Welcome to Issue 119 of U.S.–China Week. This edition comes after a period of busy travel and an energy-sapping cold (for me) and (for everyone) a torrent of fragmentary news emerging from President Donald Trump’s travel in East Asia, including a state visit to China. I thus do not aim for a comprehensive retelling, but rather an accounting of important take-aways from the two weeks. Trump is to return from Asia Tuesday after attending the East Asia Summit in the Philippines—a meeting at one time trimmed from his schedule but added back as final preparations for the trip concluded.
Programming note: I will be in China from approximately Nov. 26–Dec. 6. Please drop me a line if you want to connect in Bejing or Shanghai. Publication will remain irregular until my return to the United States.
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- A visit devoid of U.S. values on human rights, openness.
When a U.S. president travels abroad, it’s not uncommon for reporters to gripe about lack of access to key meetings—but U.S. officials generally bring elements of the free press to bear. This time, however, the White House also reportedly acceded to Chinese wishes that the Trump and Chinese leader Xi Jinping not take questions when giving statements to reporters. Meanwhile, there was little indication that the U.S. government pushed any human rights, internet freedom, or other concerns associated with what used to be touted as “U.S. values.” It’s not just Democrats and rights NGOs who hoped for more. Senator Marco Rubio and Representative Chris Smith of the Congressional-Executive Commission on China (both Republicans) in a letter sought Trump administration support for “Internet freedom,” a halt to repatriation of Chinese citizens “until the Chinese government can demonstrate that they are meeting the standards set forth in the International Covenant on Civil and Political Rights,” Hong Kong autonomy, the release of Liu Xia, and other matters—all apparently to no avail.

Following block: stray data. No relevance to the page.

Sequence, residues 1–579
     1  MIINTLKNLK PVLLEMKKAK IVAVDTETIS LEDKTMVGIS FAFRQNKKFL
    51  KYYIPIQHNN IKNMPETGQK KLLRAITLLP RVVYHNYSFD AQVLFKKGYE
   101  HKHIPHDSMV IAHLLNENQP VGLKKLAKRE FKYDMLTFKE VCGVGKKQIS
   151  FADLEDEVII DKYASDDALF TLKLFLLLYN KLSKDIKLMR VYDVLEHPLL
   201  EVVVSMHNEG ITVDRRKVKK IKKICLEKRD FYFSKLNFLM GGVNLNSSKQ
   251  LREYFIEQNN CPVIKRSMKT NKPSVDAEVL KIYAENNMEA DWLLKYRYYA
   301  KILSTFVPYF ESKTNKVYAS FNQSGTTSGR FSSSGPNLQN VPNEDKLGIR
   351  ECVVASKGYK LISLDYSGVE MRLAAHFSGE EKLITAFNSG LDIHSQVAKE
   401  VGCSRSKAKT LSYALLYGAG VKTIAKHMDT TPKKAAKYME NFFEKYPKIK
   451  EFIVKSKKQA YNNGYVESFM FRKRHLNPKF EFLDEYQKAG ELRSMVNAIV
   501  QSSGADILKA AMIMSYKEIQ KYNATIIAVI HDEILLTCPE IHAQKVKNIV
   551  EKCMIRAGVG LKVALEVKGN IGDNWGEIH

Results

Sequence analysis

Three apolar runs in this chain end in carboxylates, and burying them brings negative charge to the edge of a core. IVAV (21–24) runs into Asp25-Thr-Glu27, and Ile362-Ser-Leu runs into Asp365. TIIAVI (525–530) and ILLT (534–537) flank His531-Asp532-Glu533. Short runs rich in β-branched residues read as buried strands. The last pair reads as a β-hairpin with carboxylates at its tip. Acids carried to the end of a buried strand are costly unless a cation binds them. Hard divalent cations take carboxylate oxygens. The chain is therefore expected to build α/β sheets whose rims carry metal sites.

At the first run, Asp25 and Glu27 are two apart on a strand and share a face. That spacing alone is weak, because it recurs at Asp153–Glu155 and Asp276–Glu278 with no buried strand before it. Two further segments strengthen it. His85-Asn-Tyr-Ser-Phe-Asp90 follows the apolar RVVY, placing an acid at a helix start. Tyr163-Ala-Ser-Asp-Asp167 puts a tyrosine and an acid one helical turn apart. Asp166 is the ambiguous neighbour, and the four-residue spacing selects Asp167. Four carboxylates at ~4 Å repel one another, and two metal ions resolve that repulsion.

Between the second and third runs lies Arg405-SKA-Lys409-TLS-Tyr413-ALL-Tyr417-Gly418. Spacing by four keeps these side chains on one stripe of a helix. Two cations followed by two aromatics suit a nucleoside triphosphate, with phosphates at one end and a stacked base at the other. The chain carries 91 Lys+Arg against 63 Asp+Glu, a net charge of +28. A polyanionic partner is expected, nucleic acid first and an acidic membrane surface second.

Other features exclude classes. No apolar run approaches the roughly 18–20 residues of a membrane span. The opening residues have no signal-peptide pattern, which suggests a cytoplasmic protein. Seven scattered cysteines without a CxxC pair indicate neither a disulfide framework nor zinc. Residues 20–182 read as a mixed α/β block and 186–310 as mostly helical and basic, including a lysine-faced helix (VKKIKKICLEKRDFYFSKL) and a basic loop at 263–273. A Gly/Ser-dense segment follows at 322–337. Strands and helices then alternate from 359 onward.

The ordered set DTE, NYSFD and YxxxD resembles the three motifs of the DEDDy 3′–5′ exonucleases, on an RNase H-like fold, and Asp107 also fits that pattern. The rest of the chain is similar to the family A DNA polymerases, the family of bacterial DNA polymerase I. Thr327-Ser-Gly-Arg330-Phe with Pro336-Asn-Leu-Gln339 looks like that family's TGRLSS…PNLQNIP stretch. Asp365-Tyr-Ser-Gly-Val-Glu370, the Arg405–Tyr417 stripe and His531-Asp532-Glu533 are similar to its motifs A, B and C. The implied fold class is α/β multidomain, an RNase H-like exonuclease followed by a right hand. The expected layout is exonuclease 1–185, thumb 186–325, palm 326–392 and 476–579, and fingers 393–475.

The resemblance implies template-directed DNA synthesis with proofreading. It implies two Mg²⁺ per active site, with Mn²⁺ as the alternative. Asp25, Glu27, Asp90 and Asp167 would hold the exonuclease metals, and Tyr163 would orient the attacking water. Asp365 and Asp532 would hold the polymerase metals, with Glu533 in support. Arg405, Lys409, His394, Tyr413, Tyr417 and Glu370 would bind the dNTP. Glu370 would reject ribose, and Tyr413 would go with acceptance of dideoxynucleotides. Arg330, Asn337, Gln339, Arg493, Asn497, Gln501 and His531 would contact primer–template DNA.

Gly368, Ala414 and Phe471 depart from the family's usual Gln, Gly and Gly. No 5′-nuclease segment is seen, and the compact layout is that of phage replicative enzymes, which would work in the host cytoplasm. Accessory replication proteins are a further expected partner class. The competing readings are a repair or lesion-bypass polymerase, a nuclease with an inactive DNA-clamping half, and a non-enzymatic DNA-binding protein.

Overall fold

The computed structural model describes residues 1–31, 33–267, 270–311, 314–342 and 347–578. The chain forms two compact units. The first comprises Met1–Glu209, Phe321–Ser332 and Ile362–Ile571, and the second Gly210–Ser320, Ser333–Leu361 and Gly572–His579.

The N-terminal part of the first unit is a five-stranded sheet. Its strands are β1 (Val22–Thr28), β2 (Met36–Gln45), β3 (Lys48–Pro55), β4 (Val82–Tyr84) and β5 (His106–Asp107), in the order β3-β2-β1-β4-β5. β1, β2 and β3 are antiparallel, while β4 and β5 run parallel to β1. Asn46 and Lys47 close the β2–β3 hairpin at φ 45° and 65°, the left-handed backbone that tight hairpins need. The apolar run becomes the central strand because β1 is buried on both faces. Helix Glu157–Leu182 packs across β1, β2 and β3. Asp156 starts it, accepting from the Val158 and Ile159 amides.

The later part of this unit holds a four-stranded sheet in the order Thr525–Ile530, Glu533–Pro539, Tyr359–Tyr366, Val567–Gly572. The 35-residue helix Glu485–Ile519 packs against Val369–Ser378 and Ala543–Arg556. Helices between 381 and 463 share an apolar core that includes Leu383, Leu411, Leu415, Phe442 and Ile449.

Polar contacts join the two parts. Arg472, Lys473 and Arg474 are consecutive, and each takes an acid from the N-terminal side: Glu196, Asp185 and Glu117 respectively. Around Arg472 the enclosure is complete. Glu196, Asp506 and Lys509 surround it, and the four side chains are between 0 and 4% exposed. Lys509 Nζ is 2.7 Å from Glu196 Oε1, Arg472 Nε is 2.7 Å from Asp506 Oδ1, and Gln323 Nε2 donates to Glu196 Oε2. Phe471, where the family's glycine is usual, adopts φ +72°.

- Business deals provide tweetable deliverables, but trade negotiations absent.